white peach jam with ricotta and crostata slices

Marmellata di pesche e basilico
White peach and basil jam

Makes about 400 ml of jam

Note: I use an old fashioned Italian food mill (passaverdura or a mouli) to make this as it’s so very easy — just push the cooked peach bits through it and you get a puree for the jam and the skins are also removed in the process. The skins are what give this pretty jam its rosy tint. If you don’t have a food mill, your options are two — either peel the peaches before cooking them (in which case you won’t have a pink jam but a beige coloured one) or you can remove the skins tediously after cooking (in this case, I would suggest cutting the peaches into larger pieces, such as quarters. It will take a bit longer to cook but it won’t be as annoying to remove the skins afterwards).

  • 4 large white peaches (about 750 grams)
  • Juice of 1 lemon
  • 250 grams of sugar
  • About 8 basil leaves

Chop the peaches, leaving the skin on, and remove the large seed. Place in a heavy-bottomed pot with the lemon and bring to the boil. Simmer on medium for about 10 minutes or until the fruit is very soft. Put it through a food mill to remove the skins.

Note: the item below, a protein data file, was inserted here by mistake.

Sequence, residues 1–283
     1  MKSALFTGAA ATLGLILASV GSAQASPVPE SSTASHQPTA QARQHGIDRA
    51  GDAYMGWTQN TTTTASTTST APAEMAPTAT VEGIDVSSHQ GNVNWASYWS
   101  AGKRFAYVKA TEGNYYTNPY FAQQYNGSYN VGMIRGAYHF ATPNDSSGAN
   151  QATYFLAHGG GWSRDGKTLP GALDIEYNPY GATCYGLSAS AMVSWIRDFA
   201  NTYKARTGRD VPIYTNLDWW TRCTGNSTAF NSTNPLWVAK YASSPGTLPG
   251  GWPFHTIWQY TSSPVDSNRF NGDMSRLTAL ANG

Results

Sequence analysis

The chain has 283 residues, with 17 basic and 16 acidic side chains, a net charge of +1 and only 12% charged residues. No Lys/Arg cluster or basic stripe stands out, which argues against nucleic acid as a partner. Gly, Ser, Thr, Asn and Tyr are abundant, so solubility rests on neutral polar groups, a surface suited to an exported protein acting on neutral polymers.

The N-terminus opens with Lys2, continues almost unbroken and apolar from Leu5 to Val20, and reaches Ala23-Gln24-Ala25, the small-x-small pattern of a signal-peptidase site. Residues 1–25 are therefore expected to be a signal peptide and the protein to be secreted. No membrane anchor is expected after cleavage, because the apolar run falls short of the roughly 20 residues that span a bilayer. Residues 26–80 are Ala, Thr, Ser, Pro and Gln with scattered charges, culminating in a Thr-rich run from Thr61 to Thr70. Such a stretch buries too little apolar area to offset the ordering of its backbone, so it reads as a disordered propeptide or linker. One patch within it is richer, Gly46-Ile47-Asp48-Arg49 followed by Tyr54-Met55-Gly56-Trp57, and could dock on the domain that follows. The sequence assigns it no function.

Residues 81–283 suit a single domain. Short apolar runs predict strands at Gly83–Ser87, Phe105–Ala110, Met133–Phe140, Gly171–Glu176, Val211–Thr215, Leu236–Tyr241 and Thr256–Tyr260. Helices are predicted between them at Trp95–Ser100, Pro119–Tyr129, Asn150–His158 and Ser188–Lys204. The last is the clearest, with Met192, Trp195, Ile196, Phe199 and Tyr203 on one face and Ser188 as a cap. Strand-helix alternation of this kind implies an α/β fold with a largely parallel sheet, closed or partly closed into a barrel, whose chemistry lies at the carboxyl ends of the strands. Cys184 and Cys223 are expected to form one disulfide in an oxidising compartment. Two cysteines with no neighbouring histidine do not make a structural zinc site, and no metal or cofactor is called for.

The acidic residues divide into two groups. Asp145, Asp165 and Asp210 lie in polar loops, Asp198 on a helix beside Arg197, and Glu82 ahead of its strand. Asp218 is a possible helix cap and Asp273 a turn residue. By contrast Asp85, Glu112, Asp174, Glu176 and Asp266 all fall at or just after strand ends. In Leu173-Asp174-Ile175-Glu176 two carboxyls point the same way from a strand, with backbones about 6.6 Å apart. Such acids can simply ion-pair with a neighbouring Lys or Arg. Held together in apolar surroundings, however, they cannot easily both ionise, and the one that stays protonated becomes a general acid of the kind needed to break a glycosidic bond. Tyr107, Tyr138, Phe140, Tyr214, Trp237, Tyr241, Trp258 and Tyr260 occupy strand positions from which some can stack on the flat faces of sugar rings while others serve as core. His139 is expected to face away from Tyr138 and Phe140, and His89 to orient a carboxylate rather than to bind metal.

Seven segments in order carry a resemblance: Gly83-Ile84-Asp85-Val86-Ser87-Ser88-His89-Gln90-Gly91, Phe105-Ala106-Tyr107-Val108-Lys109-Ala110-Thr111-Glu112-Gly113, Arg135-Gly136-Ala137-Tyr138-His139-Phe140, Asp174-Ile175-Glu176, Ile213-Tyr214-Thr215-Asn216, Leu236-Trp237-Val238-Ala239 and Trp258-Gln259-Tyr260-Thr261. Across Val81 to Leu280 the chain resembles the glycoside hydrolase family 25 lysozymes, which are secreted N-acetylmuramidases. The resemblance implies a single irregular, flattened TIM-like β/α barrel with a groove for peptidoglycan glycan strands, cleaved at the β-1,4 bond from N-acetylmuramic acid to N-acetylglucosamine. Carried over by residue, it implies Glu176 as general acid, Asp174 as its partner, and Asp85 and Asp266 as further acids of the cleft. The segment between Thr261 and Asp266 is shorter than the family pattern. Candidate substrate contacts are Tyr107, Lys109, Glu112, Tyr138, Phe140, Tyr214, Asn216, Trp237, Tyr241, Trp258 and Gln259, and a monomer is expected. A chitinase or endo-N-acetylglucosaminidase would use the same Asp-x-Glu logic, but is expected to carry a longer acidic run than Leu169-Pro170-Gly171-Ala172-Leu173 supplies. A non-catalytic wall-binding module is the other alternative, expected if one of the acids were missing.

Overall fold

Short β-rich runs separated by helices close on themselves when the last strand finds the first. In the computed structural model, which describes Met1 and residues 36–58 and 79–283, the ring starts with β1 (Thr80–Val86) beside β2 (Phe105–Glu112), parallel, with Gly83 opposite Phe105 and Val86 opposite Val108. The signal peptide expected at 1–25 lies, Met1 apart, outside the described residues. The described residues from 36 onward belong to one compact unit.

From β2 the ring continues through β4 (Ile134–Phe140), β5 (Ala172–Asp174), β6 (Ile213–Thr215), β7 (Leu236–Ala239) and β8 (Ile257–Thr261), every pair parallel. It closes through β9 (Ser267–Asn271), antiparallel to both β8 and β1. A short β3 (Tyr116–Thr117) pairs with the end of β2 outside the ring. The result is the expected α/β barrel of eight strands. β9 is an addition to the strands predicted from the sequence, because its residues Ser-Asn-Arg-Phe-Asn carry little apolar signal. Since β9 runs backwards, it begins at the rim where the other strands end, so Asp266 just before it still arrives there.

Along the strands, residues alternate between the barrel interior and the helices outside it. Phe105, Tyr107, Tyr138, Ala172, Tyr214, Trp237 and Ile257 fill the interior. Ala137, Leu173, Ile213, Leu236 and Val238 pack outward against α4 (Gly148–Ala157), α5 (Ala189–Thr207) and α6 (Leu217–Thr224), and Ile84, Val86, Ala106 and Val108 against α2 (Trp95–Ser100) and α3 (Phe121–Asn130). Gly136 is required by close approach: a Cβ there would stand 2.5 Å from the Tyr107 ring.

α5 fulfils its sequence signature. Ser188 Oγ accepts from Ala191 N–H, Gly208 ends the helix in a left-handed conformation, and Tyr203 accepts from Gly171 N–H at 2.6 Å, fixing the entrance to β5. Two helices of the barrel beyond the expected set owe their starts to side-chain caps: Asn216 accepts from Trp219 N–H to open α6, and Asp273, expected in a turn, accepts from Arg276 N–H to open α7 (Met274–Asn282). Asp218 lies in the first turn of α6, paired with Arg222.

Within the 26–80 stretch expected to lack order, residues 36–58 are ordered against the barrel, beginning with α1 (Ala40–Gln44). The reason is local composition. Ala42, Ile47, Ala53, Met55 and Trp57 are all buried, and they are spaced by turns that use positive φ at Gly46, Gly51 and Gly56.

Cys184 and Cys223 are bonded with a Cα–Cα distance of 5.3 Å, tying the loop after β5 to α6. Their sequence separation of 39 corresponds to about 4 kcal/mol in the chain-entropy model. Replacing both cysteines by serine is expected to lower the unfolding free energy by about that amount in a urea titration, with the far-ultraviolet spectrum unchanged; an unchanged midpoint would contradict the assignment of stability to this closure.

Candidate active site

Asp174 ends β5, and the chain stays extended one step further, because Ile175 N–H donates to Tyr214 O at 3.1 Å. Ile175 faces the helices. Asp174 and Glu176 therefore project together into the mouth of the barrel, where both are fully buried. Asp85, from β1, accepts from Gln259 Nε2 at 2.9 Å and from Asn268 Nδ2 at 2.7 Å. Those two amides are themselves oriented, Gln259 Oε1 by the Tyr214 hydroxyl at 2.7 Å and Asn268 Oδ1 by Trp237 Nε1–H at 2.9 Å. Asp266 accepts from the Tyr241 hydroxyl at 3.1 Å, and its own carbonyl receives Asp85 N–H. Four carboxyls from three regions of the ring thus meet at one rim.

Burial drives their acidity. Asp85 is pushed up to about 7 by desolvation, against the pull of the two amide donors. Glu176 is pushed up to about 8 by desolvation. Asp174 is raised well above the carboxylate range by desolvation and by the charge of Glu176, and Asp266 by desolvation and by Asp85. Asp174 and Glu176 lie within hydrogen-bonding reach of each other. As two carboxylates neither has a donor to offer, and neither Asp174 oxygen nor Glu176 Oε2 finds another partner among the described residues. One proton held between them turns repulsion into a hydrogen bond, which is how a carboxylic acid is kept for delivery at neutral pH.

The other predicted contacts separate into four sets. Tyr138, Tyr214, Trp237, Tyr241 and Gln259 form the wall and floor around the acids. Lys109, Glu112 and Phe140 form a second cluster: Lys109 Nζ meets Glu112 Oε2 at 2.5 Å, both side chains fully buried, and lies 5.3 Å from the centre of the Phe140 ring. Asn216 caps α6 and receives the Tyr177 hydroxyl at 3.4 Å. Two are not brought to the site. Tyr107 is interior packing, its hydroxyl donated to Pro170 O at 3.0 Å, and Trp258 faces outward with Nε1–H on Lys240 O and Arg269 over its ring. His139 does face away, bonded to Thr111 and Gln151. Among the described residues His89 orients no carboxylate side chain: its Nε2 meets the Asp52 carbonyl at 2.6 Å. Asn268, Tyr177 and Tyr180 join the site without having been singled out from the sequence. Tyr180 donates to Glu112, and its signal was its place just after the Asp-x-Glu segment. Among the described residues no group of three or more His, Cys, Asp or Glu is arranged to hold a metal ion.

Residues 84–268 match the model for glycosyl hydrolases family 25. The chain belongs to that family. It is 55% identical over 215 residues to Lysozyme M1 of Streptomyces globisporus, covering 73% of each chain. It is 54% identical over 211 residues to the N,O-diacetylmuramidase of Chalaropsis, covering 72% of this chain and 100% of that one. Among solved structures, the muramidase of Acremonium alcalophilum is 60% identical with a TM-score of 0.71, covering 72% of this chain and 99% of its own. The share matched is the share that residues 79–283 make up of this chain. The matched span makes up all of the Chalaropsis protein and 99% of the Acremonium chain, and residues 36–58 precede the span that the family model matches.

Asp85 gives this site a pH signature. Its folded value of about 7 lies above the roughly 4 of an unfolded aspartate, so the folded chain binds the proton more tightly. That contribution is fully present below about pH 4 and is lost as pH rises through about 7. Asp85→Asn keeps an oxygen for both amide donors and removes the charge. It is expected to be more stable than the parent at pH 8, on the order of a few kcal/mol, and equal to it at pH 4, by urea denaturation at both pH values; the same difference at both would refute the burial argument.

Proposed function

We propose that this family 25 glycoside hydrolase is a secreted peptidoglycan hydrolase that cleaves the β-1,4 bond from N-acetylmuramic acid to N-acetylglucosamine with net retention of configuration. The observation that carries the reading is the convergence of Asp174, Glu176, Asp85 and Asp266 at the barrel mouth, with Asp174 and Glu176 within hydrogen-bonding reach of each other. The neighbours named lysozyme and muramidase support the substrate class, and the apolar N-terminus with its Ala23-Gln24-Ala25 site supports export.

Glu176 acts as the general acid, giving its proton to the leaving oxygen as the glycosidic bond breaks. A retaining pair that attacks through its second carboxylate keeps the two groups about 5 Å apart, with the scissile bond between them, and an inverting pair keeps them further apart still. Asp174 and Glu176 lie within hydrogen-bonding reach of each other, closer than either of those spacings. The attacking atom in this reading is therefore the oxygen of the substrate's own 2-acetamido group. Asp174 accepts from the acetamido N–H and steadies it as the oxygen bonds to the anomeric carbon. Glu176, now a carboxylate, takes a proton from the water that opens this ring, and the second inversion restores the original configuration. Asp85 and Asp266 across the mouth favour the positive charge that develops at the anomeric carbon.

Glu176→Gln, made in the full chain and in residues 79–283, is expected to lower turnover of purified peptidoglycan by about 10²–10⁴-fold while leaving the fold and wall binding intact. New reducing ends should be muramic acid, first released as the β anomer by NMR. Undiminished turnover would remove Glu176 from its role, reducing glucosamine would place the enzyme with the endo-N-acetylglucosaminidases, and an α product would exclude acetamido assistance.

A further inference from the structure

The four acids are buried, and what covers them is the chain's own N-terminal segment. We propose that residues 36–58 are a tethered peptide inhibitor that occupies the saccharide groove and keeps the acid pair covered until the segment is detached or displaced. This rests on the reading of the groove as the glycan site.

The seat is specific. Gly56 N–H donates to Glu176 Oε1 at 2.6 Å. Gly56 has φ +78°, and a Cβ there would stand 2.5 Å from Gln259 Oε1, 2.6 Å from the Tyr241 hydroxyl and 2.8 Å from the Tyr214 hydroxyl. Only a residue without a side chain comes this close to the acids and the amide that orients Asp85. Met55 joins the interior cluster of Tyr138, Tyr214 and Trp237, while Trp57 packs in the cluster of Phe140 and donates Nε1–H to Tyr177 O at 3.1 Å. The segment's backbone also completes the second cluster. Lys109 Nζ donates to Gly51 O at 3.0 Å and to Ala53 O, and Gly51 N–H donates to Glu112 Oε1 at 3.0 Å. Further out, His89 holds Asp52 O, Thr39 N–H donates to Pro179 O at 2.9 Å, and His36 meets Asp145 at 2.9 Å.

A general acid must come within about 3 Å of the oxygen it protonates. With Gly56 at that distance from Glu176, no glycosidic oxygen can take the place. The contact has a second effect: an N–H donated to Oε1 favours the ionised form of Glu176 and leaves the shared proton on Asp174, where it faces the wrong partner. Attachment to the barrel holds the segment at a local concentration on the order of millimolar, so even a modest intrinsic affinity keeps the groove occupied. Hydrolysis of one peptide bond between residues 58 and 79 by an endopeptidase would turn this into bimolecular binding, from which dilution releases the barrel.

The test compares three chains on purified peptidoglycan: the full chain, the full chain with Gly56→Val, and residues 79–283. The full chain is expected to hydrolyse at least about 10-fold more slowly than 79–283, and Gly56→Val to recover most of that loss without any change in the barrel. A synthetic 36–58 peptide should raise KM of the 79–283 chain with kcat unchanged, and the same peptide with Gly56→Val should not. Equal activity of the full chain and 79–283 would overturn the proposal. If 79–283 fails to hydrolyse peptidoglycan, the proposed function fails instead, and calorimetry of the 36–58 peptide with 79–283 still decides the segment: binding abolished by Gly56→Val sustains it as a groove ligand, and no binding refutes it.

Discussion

Return the peach puree to the pot with the sugar and bring to a rolling boil. Boil on high for 15 minutes or until the jam looks shiny. Add in the basil leaves for the last minute. The saucer test is my favourite way to be sure that it’s ready.

The saucer test: Place a saucer or small plate in the freezer for at least 10 minutes to chill thoroughly. To test the jam, place a small blob on the frozen plate and watch how it acts. If ready, it should look thick and glossy, slide slowly when titled and when poked, the surface should wrinkle slightly.

Canning and preserving: If planning to use right away, I simply pour the hot jam into a spare, clean jar, screw on lid and let it cool completely before placing in the fridge. If you plan on storing your jam for months so you can enjoy this fragrant summer peach jam in winter, pour the hot jam into sterilised jars (boiled and air or oven dried for example) and screw lid on tightly. When cooled the jar should seal. If in doubt, process the jar by boiling the jar and its contents (lid on), covered, in a pot of water for 10 minutes. Let cool.

White peach jam crostata: To turn this jam into the crostata above, simply follow this recipe for crostata di marmellata (if you have my cookbook it is similar to that recipe too) and slice 2 fresh ripe but fairly firm white peaches and arrange them on top of the jam layer. Bake as for the crostata di marmellata recipe — note that this is a juicy tart thanks to the fresh peaches. It’s most wonderful on the day it’s baked as once it’s cut and left overnight (in the fridge of course) the juices can make the base slightly soggy and sticky, which some (me, me!) might like of course and in that case it is still delicious for a few days.